Monday, September 13, 2010

Editing: Pleasure and Pain

I love editing my work. I also love getting the first draft down and letting the story unfold. I love getting to know my characters better and really understanding where they’ve come from and why they are who they are and why they act the way they do. But editing is where the story and the characters begin to shine.

And it’s a good thing I like editing because recently I discovered I was going about it the wrong way or at least the wrong way for me. As a result, I have spent way too much time working on Blood Judgment, my urban fantasy romance.

I would edit a little as I went. I just couldn’t stop myself from going back and reading over some of the previous writing and working it a little before delving into the writing session. So what, you say, lots of writers do that and do it well. True. But I bet those writers had it together at the beginning and had a better outline for their project. I outline as much as I can and then pantster it where I need to. It’s the pantstering that causes me problems. Of course, I also come up with some darn good ideas as I go along, too, so pantsing has its rewards.

Once I arrived at The End, I began editing in earnest making pass after pass until I thought, hey that’s pretty good. Then a bad thing would happen. I would make a change to a subplot or the main plotline and because of that change I would have to make changes in other parts of the ms. Parts that I had already edited to perfection, or at least what I thought was perfection when I moved on to the next section.

The problem is pretty obvious. It’s the going back and having to change what had already been edited.

Then I ran across a book called The Weekend Novelist Rewrites the Novel: A Step-by-Step Guide to Perfecting Your Work by Robert J. Ray. This book pointed out the error of my ways and put me on the path of good editing. Robert J. Ray explains how to handle editing subplots and the main plot to prevent the very problem I was having. Then once those edits have been made, and only then, do you polish the sentences. Talk about editing empowerment. This book is on my keeper shelf. I don’t agree with every little recommendation in the book, but overall, I really like it and find it useful.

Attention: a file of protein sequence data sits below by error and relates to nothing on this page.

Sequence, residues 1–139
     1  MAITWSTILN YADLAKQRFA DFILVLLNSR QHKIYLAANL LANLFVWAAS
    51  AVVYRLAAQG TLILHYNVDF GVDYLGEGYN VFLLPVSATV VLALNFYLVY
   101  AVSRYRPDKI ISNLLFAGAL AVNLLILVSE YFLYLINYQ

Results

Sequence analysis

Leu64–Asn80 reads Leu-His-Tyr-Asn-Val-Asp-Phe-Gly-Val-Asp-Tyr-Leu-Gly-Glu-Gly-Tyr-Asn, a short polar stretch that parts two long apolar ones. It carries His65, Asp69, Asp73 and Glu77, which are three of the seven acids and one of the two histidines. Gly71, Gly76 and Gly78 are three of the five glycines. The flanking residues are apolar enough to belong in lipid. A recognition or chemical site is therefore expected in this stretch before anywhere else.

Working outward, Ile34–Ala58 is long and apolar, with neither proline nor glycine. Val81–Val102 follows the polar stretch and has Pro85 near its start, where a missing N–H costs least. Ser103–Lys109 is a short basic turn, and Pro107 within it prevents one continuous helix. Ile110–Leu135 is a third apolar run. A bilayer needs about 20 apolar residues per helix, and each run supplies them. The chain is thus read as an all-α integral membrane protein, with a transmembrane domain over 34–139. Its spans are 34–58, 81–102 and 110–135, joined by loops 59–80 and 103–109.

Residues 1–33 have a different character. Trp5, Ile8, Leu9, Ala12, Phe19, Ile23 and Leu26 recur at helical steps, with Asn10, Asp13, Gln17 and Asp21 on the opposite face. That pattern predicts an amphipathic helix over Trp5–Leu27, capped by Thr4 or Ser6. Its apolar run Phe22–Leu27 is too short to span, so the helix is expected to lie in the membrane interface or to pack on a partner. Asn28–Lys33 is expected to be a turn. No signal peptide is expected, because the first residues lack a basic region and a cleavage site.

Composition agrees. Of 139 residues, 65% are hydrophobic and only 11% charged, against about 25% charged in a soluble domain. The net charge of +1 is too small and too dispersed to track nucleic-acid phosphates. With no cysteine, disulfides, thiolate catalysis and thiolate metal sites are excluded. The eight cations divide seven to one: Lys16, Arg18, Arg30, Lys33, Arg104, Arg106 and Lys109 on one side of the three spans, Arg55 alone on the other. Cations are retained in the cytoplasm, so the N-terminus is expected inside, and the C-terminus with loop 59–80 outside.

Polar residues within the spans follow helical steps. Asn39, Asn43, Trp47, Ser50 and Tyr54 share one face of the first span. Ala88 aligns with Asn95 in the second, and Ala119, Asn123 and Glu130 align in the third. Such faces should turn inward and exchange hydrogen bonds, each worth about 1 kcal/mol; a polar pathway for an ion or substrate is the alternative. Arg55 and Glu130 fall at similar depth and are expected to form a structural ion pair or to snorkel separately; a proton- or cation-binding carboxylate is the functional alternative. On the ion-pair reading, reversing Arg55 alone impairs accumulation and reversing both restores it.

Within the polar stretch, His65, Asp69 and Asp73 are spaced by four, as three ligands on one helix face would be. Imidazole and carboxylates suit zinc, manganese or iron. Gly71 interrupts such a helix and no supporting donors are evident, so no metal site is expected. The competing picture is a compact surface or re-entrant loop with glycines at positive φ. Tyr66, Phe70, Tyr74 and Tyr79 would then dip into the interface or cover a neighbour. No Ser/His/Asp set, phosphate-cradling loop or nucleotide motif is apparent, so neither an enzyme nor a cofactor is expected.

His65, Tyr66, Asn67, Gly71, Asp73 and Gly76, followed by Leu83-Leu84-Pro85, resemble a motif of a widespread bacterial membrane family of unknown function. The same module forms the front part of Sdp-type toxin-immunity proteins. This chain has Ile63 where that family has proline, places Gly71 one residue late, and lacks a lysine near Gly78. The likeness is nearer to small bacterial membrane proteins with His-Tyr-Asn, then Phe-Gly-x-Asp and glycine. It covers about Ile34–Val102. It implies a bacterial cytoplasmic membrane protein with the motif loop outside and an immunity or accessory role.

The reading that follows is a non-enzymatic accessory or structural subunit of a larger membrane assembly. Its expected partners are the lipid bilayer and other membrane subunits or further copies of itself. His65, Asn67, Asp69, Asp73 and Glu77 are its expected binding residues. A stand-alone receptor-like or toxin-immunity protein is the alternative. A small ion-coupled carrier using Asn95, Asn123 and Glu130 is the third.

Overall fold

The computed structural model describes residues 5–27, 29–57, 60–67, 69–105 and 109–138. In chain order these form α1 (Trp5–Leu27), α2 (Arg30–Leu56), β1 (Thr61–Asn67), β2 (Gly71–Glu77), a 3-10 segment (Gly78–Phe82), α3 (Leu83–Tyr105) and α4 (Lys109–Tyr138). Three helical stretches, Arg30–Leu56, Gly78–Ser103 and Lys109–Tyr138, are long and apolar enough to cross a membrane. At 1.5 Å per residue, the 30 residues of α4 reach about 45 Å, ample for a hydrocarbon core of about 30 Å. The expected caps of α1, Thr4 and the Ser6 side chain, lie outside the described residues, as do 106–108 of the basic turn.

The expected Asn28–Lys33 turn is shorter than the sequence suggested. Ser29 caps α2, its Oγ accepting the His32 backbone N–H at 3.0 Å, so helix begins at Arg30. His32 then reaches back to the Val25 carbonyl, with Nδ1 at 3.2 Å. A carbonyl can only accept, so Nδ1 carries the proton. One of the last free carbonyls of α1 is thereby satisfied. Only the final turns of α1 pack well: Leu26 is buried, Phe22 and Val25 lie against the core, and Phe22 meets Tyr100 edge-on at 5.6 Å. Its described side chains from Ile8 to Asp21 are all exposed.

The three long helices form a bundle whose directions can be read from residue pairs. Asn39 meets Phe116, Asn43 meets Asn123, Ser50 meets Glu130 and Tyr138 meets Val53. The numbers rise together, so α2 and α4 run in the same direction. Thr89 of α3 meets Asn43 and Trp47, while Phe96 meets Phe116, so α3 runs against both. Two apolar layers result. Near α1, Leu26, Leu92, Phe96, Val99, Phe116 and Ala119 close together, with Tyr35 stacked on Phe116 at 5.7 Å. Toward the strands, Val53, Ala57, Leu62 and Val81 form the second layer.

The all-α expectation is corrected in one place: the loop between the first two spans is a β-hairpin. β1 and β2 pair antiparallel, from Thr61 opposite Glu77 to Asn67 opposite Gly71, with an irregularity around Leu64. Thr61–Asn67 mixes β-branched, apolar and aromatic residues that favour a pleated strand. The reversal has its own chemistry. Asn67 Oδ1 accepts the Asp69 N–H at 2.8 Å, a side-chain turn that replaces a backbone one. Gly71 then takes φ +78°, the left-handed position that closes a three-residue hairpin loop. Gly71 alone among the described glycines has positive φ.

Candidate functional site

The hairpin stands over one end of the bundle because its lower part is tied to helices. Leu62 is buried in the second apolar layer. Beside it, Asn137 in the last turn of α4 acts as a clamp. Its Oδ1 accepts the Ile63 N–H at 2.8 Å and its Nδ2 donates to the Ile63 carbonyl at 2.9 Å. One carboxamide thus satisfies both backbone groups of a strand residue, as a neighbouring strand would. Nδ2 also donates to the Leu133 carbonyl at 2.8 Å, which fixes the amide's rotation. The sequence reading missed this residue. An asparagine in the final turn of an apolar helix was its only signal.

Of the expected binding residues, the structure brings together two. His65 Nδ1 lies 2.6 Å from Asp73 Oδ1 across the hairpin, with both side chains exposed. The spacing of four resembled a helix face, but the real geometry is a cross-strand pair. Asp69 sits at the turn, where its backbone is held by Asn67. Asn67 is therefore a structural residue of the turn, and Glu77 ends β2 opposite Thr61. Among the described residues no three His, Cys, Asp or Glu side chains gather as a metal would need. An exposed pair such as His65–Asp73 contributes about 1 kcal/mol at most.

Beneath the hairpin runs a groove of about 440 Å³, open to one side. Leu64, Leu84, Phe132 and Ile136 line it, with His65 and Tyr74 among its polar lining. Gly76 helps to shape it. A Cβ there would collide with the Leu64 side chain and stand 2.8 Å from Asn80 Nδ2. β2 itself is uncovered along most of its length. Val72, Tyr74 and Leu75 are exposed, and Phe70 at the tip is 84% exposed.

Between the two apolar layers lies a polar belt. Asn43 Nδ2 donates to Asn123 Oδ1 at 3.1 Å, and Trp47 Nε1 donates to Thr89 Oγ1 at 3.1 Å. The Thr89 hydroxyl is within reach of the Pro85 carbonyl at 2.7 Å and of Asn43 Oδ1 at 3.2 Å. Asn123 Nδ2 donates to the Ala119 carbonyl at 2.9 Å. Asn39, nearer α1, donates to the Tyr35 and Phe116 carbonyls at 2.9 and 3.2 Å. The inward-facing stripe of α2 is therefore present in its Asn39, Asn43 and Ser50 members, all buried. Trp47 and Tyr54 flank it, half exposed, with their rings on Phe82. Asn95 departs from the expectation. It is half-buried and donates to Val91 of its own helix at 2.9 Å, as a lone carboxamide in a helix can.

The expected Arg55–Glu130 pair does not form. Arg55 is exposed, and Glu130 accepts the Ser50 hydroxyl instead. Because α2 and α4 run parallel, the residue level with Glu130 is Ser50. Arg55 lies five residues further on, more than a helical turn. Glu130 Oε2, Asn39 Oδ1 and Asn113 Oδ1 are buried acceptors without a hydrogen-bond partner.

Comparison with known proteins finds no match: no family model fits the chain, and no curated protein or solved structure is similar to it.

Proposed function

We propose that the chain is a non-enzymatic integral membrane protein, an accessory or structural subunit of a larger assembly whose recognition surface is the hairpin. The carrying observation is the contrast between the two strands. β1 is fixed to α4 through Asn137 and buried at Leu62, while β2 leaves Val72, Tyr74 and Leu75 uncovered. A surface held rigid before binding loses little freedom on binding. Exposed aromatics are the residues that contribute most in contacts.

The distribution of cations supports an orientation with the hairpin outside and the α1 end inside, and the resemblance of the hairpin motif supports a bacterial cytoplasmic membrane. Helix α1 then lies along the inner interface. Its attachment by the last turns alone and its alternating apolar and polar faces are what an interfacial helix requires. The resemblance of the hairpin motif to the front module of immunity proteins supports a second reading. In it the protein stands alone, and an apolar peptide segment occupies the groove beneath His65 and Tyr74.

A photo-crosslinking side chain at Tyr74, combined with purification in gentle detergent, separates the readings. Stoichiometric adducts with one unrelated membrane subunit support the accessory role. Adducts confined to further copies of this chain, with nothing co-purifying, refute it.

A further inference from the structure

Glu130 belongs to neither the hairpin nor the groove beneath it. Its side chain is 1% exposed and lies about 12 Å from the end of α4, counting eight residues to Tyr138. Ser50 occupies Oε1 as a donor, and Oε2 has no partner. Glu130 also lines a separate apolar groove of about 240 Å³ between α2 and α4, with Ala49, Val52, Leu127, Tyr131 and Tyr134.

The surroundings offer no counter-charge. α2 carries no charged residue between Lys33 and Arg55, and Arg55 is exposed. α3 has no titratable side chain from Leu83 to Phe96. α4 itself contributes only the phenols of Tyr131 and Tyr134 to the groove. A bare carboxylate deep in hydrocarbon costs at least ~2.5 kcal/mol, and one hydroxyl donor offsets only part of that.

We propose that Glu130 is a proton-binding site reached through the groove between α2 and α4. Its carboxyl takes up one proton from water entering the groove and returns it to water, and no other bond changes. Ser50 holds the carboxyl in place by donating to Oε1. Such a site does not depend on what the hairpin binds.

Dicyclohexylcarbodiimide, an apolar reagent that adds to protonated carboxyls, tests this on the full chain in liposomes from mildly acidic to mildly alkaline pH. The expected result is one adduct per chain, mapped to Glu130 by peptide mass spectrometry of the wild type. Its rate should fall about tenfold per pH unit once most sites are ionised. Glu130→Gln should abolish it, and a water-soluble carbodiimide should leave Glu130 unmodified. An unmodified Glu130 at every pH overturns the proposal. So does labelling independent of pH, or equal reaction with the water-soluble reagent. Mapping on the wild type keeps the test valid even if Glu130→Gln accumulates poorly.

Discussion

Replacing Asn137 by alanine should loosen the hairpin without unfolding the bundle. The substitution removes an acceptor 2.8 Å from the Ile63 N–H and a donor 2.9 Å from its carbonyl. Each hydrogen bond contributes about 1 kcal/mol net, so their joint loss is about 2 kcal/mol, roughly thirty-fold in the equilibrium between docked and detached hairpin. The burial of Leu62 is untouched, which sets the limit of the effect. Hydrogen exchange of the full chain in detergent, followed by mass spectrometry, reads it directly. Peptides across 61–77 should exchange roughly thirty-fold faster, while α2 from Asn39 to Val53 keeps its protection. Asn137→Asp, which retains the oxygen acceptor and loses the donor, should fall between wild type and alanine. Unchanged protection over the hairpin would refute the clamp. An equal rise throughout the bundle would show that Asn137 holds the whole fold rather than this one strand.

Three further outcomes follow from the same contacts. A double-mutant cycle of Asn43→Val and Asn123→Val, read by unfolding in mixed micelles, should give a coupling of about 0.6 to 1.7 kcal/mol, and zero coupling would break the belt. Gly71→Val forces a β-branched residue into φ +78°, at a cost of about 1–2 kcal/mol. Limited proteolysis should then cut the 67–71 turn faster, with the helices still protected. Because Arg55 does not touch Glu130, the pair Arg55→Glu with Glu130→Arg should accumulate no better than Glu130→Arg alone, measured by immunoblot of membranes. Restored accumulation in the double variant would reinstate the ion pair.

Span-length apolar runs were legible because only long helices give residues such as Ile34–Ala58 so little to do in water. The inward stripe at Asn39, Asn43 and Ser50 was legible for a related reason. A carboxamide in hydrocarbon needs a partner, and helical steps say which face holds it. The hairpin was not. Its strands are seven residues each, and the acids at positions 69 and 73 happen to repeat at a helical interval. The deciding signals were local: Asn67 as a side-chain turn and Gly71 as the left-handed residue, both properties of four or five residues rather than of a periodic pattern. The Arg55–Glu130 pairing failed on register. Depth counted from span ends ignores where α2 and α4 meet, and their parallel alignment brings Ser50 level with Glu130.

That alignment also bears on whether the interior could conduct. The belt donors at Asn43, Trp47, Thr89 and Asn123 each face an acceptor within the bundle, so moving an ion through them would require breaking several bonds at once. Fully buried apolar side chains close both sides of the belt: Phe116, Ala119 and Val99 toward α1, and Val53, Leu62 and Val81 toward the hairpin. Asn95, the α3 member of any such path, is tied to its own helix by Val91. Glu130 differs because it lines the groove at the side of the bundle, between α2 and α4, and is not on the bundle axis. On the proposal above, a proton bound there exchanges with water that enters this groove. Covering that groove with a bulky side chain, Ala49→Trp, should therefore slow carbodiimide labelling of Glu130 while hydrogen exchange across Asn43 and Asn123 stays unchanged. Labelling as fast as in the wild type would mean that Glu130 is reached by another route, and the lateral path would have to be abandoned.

How about you? What are your favorite craft books? What did you take from them that made your job as a writer better or easier?

7 comments:

  1. I'll have to check that one out! I think my favorite is Donald Maas' "Writing the Breakout Novel Workbook." I went through it when I was having trouble with my last book and going through the exercises in the book gave me all kinds of great ideas for deepening my stories and characters. I've vowed to buy a new copy (so I can write in it) for every book I start!

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  2. I like the sound of that book! The Screenwriters Bible also had some good tips. I know what you mean though, without some kind of plan, it's possible to edit forever.....and ever....and ever....

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  3. I'm going to have to check out that book- sounds just what I need!

    I too love Maass's books- he's a great guy. But I'd have to say the craft book that made the biggest impact is Techniques of a Selling Writer by Dwight Swain. It's a slog, no quick witty tips here- but it is GOOD. You can really see where alot of more recent craft books got their stuff ;)

    Great post!

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  4. I am not a plotter, but I found the W Plot class by Karen Docter helped me out a lot with revision. For many of the reasons you cite. I pants my way through the story, then see how it fits into the W program. Helps me see the gaps and disconnects due to subplots, etc. I fix those, then worry about the line edits.

    I also took an online class from Lani Diane Rich on revision that was priceless.

    I have a total blindspot to books on writing, but online classes seem to get through.

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  5. I'm also a panster who likes to edit. A couple of weeks ago I took an online class called "The Book Factory", taught by Kerri Nelson. Now, I'm not worry about editing until I get to THE END.

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  6. Think I'm a pantser. There are four main type of writers: plotters, pantser, layers and puzzlers. There are pros and cons about each type. A couple friends of mine have taken plotting classes by . . . Oh, crap . . . Mary something and her partner. I feel like an idiot not remembering her name. They came back high on the information they learned. If someone tells me the name I can say, "That's it." Stupid me. I wish I was a better plotter. It might make my life easier.

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  7. I've taken several plotting classes. I like to take a little from each one. I haven't yet found a method that completely does the job for me. Maybe I'm just being difficult. LOL I may have to try the W plot class.

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